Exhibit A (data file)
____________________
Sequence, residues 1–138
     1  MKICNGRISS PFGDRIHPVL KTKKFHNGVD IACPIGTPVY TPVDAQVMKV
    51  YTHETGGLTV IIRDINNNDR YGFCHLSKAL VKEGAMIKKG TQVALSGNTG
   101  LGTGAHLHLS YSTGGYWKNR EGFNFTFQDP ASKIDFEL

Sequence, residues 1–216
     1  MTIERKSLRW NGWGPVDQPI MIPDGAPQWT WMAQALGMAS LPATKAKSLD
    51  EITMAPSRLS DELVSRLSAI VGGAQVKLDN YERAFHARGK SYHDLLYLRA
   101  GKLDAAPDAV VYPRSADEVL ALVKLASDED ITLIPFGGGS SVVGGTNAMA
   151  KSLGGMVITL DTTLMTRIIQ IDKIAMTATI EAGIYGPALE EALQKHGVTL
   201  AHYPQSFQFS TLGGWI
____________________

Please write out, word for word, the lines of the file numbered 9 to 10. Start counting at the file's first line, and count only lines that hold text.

   151  KSLGGMVITL DTTLMTRIIQ IDKIAMTATI EAGIYGPALE EALQKHGVTL
   201  AHYPQSFQFS TLGGWI